The Future of Cancer Care: Therapy Based on Genomics Improves Survival

DNA Strands

Treatment for lung cancer has traditionally been based on the tumor’s histology (what it looks like under the microscope), but a new approach of basing treatment on genomic features has now been shown to result in better survival.

Results from the Lung Cancer Mutation Consortium (LCMC) show that patients who received genotype-directed therapy lived more than a year longer than those who did not.

The evidence that using targeted agents improves survival in lung cancer has been very difficult to show in clinical trials, but the current study shows that such an approach is not only feasible but successful. In fact, the study heralds a new era in the management of patients with a variety of cancers, Dr. Boris Pasche (Wake Forest University, USA) explains.

The Study: The LCMC, a collaborative, 14-center study led by Mark G. Kris, MD, from Memorial Sloan-Kettering Cancer Center, in New York City, tested tumors from 1007 patients with metastatic (spread to distant sites; incurable) lung adenocarcinomas for the presence 10 oncogenic driver mutations and then used the results to select agents that would target the drivers. The study was conducted from 2009 through 2012, and the patients’ tumors were tested for at least 1 gene, with full genotyping (testing for 10 genes) performed in 733 patients. For the other patients, the primary reason for the inability to test for all 10 genes was insufficient tissue.

The Small Print: An cancer driver was found in 466 (64%) of the patients who underwent full genotyping. So-called KRAS mutations were the most frequent, found in 182 (25%), followed by sensitizing EGFR in 122 (17%) and ALK rearrangements in 57 (8%). Less common drivers were other EGFR in 29 (4%), 2 or more genes in 24 (3%); ERBB2 (formerly HER2) in 19 (3%); BRAF in 16 (2%), PIK3CA in 6 (<1%), MET amplification in 5 (<1%), NRAS in 5 (<1%), and MEK1 in 1 (<1%). These results were then used to guide the choice of targeted therapy.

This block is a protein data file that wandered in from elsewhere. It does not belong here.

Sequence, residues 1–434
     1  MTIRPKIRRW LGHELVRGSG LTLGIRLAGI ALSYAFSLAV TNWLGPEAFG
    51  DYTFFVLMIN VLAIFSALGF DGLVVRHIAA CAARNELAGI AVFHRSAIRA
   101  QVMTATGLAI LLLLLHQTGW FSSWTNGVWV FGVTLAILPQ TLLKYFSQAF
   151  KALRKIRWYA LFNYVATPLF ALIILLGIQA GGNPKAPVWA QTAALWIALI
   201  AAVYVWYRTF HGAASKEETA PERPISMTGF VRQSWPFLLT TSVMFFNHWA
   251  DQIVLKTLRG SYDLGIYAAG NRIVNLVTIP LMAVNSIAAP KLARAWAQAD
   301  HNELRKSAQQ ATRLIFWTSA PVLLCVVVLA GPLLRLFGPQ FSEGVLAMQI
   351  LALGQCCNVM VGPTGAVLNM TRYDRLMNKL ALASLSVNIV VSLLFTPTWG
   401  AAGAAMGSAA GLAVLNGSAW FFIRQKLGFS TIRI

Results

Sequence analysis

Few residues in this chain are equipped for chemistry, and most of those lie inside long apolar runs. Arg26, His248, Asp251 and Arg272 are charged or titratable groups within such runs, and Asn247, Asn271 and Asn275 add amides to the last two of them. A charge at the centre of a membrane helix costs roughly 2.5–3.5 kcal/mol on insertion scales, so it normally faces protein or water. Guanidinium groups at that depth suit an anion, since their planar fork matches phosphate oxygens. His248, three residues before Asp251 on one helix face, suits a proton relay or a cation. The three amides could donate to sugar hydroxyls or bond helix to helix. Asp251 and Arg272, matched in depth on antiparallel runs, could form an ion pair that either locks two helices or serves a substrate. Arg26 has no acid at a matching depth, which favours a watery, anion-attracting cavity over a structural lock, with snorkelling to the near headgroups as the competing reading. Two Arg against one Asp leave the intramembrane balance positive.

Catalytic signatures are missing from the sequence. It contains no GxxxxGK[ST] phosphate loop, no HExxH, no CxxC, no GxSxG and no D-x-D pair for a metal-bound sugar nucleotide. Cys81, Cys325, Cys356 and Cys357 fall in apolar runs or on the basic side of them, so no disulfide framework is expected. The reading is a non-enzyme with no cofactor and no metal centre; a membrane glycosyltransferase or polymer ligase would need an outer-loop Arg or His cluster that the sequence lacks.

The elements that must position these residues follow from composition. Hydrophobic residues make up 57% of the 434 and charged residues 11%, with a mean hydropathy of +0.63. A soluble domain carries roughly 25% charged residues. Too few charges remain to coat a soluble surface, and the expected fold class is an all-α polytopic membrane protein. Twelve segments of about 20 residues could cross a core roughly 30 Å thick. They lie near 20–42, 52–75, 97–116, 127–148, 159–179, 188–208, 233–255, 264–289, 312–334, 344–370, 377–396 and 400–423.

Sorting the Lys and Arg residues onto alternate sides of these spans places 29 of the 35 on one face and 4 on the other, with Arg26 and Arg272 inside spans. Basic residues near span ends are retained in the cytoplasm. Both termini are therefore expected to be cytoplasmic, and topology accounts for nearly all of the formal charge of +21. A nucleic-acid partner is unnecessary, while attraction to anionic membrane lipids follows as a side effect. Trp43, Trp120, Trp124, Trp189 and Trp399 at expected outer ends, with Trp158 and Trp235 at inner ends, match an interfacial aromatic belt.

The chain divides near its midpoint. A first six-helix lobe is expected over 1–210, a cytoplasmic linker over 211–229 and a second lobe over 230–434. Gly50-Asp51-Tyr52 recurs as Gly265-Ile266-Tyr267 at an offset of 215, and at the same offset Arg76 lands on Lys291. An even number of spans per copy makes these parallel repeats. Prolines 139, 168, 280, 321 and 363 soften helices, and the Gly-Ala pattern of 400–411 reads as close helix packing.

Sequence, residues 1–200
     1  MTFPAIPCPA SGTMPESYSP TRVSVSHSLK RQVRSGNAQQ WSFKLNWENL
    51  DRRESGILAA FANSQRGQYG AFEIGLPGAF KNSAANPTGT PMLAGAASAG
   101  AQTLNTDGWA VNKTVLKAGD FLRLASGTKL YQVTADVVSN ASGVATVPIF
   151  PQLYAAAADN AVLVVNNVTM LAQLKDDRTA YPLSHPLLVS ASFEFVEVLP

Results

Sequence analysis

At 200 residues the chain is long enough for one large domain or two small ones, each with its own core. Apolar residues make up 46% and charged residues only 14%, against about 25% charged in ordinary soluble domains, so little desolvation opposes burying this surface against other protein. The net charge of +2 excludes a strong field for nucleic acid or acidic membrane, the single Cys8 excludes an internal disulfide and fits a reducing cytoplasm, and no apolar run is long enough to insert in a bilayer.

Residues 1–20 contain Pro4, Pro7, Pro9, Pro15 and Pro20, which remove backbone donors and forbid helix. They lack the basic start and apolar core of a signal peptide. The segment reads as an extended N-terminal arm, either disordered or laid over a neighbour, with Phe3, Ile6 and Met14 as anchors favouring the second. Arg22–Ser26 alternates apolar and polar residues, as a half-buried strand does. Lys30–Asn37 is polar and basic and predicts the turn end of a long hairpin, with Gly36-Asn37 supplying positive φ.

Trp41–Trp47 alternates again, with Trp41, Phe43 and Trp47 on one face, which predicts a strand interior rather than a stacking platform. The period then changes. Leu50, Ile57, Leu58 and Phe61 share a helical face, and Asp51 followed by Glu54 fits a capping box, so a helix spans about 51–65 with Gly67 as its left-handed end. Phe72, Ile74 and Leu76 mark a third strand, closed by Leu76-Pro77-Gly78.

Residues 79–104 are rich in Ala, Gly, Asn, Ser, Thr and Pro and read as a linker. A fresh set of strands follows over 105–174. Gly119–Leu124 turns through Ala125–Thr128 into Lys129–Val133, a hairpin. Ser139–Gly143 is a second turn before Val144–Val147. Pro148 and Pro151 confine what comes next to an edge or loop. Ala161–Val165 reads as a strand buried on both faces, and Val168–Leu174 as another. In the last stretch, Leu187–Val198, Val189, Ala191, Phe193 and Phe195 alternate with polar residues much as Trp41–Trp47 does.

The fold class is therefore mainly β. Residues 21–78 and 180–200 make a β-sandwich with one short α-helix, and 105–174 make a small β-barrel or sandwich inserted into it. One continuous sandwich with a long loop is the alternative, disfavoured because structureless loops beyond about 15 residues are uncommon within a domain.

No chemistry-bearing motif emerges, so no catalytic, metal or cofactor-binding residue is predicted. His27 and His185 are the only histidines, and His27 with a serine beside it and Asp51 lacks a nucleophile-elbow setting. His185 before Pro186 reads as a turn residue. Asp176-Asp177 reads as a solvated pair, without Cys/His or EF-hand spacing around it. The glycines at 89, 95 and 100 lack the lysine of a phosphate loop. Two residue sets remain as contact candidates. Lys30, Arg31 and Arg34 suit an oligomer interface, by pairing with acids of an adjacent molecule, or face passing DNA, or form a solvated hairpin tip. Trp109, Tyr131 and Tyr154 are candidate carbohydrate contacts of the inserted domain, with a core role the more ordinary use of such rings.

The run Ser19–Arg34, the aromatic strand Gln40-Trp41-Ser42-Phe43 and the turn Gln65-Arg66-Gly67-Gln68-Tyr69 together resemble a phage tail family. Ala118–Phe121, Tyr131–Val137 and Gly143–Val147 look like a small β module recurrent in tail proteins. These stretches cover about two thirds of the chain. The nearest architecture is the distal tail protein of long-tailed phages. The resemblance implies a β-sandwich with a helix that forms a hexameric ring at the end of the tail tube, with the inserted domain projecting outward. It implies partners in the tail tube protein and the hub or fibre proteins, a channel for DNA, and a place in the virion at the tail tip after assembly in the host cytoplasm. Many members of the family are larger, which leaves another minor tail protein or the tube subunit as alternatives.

The Evidence: Overall, among 938 patients with adequate data, the median survival was 2.7 years. For patients with an oncogenic driver treated with targeted therapy, the median survival was 3.5 years, for patients with an oncogenic driver who were not treated with targeted therapy, the median survival was 2.4 years, and for patients with no driver identified, the median survival was 2.1 years (P < .001).

Among the different drivers that were identified, the longest survival was seen in patients with ALK-positive tumors (4.3 years).

“We are at the point now where we may be able to offer patients other treatments by studying the genomic features of their cancer. Until recently, we could not afford to do it because it cost about a million dollars for one genome. Now it’s as low as $900 to do the genome of a tumor, and it’s likely that will become even cheaper. And with better software, we would also be able to assess the unique features of that tumor vs other tumors and vs the normal DNA of that patient, and this is really the major change,” he said.